The debate regarding the value of Corporate Social Responsibility to corporations still rages in many academic and corporate environments. This paper contends that businesses can derive entrepreneurial benefits if they demonstrate commitment to maintain and improve the environment within which they function. This paper recognizes that the term environment includes a large number of elements. However, for the purpose of this paper, environment refers to the physical environment only.
First, good environmental policies enhance the reputation of a corporation among the communities it operates (Ismail 93). It demonstrates that the corporation thinks about the community and not just profits. The community feels that the corporation is using its power and influence to improve the standard of living in the areas it operates. This leads to a greater sense of goodwill, which in turn makes it easy for the corporation to pursue its entrepreneurial objectives.
Secondly, a good environmental policy gives a corporation the upper hand in talent acquisition (Kiran and Sharma 100). Talent is one of the key factors of production in the modern economy. It is not sufficient to have workers. An organization must have a clear advantage in its talent pool to operate successfully. An organization with a reputation for being environmentally conscious is likely to attract the best talent because of its perceived altruism.
Thirdly, a corporation that protects its immediate environment demonstrates that it is in touch with the needs of the immediate community (Carroll and Shabana 92). This has several entrepreneurial advantages. First, engaging with a community in non-commercial terms gives the community a non-commercial view of the corporation. The corporation’s humane face surfaces in such engagements. This makes the community feel that the company is approachable and is a responsible member of the community.
The fourth advantage of environmental responsibility to corporate entrepreneurship is that it demonstrates how to apply the principle of sustainability in all business units (Ismail 107). An environmentally conscious corporation forces its staff to think in terms of sustainability in all aspects of business.
This principle is invaluable when developing business strategies such as succession plans, business expansion plans, and product development processes. A business that demonstrates concern for the environment forces its staff to think about sustainable business practices.
Research shows that business that care about the environment have healthier bottom lines compared to those that lack CSR programs (Kiran and Sharma 60). The principle here is that by caring for the environment, the business experiences benefits that lead to a healthier bottom line.
Criticisms against environmental concern at the corporate level are as follows. First, some corporations participate in environmental conservation because of its benefits to the specific company rather than based on the benefits that will accrue to the community (Ismail 103). The result is a skewed program that only considers the corporation’s interests without embracing the interests of the community.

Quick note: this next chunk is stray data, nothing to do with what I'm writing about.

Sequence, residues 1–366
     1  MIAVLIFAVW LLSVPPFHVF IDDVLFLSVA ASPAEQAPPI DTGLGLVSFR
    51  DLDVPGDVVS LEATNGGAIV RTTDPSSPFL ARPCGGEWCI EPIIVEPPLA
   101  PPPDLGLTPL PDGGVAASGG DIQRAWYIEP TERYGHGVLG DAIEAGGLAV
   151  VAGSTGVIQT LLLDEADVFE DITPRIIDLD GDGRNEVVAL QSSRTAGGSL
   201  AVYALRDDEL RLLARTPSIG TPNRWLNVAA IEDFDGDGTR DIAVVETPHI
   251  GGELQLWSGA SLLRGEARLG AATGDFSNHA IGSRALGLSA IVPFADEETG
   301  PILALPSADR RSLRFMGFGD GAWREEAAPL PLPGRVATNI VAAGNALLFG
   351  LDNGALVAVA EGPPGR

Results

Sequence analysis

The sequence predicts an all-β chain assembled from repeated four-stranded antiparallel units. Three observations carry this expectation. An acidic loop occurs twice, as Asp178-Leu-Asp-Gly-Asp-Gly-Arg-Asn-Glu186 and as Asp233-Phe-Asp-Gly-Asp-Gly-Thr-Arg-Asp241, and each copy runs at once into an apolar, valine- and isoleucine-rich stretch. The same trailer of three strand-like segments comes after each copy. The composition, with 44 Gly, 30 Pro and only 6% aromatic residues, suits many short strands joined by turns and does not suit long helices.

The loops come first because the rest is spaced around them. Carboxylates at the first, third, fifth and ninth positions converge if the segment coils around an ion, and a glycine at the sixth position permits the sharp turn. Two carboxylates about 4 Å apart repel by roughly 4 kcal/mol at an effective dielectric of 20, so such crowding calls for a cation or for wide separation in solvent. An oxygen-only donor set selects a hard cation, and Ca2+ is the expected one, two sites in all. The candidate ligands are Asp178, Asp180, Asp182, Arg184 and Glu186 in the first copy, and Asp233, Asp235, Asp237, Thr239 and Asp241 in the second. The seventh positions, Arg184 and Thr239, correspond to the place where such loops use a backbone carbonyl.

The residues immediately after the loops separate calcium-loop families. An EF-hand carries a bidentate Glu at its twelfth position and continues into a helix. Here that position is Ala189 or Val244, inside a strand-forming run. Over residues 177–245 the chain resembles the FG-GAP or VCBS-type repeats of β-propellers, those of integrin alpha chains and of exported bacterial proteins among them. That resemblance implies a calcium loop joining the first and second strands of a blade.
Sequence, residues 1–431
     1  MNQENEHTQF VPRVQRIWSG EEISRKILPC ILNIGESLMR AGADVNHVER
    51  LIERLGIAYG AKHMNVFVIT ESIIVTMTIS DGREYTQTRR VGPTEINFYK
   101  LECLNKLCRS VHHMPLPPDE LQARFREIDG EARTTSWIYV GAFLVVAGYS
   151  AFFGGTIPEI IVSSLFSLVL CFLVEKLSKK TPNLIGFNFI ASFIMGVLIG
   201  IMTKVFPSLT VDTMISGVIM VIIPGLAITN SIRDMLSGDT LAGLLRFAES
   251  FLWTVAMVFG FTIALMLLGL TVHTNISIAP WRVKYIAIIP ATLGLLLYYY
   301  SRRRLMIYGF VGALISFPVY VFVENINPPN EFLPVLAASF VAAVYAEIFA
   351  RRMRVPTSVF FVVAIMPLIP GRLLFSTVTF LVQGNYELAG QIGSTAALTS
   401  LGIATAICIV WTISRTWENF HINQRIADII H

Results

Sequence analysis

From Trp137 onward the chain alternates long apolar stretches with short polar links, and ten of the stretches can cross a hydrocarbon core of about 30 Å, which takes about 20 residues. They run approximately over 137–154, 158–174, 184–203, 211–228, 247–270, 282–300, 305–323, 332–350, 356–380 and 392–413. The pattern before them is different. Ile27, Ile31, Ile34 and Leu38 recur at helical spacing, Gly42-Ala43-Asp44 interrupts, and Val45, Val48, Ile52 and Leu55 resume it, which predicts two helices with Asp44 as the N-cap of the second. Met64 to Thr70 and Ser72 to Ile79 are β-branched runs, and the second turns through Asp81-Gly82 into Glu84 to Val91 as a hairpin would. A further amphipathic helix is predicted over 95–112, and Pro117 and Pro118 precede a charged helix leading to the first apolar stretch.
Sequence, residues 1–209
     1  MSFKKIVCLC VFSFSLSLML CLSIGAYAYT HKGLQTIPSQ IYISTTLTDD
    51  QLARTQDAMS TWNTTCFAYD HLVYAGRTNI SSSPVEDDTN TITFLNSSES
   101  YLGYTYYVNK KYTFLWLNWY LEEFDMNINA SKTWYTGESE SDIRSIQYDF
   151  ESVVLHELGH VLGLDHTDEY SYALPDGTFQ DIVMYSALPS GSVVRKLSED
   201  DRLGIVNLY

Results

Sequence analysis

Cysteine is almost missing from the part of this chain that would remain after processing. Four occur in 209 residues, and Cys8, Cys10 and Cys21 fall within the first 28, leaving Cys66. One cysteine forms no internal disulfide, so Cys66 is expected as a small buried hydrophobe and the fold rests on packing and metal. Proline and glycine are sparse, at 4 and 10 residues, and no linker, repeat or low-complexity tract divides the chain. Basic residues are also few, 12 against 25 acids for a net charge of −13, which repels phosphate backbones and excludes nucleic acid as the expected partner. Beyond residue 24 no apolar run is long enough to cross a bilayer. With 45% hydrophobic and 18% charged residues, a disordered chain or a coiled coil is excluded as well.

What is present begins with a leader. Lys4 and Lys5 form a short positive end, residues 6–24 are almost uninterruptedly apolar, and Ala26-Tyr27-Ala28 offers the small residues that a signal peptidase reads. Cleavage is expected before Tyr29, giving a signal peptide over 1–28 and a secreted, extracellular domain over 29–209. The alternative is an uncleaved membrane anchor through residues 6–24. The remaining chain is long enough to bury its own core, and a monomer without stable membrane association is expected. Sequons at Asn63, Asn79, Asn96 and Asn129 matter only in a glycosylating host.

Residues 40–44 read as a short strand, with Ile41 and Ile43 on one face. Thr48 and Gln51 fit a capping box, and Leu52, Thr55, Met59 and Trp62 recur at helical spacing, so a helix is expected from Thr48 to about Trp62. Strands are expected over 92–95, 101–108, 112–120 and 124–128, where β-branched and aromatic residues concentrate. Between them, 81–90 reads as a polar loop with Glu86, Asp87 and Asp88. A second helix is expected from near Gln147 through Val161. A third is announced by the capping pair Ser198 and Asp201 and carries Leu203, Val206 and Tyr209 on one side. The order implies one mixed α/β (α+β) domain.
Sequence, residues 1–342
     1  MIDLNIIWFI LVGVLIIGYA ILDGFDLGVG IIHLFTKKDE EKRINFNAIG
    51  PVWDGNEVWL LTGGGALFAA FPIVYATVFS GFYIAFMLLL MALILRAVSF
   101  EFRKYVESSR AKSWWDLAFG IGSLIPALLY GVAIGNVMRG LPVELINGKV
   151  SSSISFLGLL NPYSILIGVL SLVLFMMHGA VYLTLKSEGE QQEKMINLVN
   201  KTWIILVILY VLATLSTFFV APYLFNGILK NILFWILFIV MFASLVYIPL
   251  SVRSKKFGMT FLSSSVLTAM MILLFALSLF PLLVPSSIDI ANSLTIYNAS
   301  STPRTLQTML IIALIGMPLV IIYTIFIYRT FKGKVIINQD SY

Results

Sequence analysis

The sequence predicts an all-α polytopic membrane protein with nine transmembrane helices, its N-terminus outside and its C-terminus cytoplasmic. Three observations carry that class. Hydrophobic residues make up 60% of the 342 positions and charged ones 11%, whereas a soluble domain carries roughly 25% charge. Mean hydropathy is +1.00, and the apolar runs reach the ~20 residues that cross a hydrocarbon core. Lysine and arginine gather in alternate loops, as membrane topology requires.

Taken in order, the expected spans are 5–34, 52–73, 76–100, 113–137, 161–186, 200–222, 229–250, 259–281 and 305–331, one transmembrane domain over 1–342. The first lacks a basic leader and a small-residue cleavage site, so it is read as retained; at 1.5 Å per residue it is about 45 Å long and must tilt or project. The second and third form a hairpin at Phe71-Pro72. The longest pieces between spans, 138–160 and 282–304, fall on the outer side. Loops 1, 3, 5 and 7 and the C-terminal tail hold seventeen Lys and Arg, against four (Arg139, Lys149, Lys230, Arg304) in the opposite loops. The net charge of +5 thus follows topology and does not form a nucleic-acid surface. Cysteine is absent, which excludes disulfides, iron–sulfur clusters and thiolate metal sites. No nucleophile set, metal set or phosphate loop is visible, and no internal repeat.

Secondly, some commentators argue that corporations exist to make profits (Ismail 105). Therefore, they are ill suited for functions such as environmental conservation. In their view, the duty of environmental conservation belongs to governments and state regulators who have the capacity to provide the care the environment needs.
The final argument is that even the best meaning corporations take care of the environment in ways that promote their self-interest rather that the collective interests of the community. In the final analysis, environmental conservation is a positive thing that requires support from all quarters. In this sense, all efforts to conserve the environment require everyone’s support without imputing motive. Finally, a company that aligns its environmental conservation efforts with the needs of the community is likely to experience the best entrepreneurial benefits.
Carroll, Archie B and Kareem M Shabana. “The Business Case for Corporate Social Responsibility: A Review of Concepts, Research and Practice.” International Journal of Management Reviews (2010): 85-105. Print.
Ismail, Maimunah. “Corporate Social Responsibility and Its Role in Community Development: An International Perspective.” The Journal of International Social Research (2009): 199-209. Print.
Kiran, Ravi and Anupam Sharma. “Corporate Social Responsibility and Management Education: Changing Perception and Perspectives.” Global Journal of Management and Business Research (2011): 57-67. Print.